Rushing said Riggs-Hopkins initially was not sure what "sort of narcotic" she had discovered. "I kept telling them, 'That's…glaze from a doughnut," Rushing told the Orlando Sentinel. "They tried to say it was crack cocaine at first. Then they said, 'No, it's meth, crystal meth.'"

Adding insult to injury, Rushing was accused of possessing meth "with a weapon" (his legally carried handgun), which made a third-degree felony, punishable by up to five years in prison, into a second-degree felony, punishable by up to 15 years in prison. He was handcuffed and taken to the county jail, where he was strip-searched and locked up for 10 hours before being released on $2,500 bail. Three days later, after a lab test found no illegal substance in the evidence recovered by Riggs-Hopkins, the charges against Rushing were dropped. The lab test was not specific enough to identify which brand of donut the glaze came from, so we'll just have to take Rushing's word that it was indeed a Krispy Kreme.

Rushing told the Sentinel he had tried to start a security business but could not find work because "people go online and see that you've been arrested." The Orlando Police Department (OPD) initially defended the arrest. But according to the Sentinel, the OPD "ended up training more than 730 officers on how to properly use the field test kits," and "Riggs-Hopkins was given a written reprimand for making an improper arrest."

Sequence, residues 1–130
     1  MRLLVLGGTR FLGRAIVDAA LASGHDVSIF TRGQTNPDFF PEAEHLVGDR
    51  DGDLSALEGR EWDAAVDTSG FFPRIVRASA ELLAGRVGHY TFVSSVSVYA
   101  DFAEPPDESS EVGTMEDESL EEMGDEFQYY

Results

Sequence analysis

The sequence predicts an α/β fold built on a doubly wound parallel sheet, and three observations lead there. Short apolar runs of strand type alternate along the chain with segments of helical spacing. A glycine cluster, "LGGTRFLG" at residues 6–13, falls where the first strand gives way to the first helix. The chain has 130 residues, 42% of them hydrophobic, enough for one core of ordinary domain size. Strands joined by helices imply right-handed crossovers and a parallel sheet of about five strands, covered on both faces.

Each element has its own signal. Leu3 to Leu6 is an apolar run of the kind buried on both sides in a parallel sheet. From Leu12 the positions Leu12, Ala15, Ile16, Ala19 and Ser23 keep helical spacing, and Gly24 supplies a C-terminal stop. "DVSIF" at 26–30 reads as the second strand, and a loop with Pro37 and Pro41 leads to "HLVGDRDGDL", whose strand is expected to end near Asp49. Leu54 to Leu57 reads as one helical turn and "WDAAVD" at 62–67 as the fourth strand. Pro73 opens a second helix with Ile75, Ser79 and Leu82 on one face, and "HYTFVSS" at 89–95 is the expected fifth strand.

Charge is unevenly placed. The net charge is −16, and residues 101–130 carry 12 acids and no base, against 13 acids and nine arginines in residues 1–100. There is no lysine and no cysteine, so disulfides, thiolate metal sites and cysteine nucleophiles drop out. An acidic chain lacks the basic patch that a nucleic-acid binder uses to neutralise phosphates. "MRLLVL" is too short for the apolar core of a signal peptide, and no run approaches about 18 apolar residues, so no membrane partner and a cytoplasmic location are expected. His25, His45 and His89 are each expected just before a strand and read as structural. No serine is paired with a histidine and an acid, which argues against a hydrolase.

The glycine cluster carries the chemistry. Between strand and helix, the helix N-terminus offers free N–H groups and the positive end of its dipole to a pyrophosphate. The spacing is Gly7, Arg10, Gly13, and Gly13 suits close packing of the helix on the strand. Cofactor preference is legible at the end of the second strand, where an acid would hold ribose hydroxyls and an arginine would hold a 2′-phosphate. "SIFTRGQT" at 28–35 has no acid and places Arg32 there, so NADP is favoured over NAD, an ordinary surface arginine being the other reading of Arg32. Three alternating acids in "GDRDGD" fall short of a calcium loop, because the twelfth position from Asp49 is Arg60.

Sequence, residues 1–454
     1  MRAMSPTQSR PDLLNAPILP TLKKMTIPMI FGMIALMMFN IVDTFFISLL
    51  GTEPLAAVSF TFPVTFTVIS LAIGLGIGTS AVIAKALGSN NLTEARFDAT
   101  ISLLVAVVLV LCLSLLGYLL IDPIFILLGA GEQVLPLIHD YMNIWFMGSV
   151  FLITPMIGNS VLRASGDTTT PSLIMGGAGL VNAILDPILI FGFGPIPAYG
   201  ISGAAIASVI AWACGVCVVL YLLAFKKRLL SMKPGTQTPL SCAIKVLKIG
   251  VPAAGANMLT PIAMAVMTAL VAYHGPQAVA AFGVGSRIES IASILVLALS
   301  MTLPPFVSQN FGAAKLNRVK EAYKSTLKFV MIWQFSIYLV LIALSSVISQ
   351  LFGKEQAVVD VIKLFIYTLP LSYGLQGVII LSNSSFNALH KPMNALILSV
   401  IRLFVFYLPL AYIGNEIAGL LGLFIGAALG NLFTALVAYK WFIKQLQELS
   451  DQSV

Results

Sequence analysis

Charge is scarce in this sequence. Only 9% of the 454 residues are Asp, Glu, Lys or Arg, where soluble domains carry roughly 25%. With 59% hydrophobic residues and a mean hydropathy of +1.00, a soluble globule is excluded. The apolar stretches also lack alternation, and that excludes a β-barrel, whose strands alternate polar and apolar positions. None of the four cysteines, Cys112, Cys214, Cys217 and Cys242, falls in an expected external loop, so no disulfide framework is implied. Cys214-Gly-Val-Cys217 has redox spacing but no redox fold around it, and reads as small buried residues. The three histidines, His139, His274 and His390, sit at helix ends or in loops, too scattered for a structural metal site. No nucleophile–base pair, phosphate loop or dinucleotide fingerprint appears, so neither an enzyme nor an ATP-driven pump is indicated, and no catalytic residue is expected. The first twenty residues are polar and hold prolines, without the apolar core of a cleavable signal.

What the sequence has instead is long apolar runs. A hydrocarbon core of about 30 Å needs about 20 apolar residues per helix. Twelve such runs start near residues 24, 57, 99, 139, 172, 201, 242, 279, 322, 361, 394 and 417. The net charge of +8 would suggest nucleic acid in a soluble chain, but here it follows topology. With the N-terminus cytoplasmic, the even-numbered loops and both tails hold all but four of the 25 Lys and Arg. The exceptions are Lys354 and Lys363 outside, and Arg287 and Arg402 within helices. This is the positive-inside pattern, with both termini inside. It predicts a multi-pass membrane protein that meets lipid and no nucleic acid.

In addition to the city of Orlando, Rushing sued the Safariland Group, which made the test kit used by Riggs-Hopkins. Although the OPD evidently attributes the two false positives that preceded Rushing's arrest to Riggs-Hopkins' inept performance of the drug test, such field kits are notoriously unreliable and may react to a wide range of legal substances. Faulty field tests were at the center of a 2012 Kansas marijuana raid triggered by loose tea, a case that last summer resulted in a rebuke by a federal appeals court panel. One of the judges faulted "junk science" as well as "an incompetent investigation" and a thirst for publicity.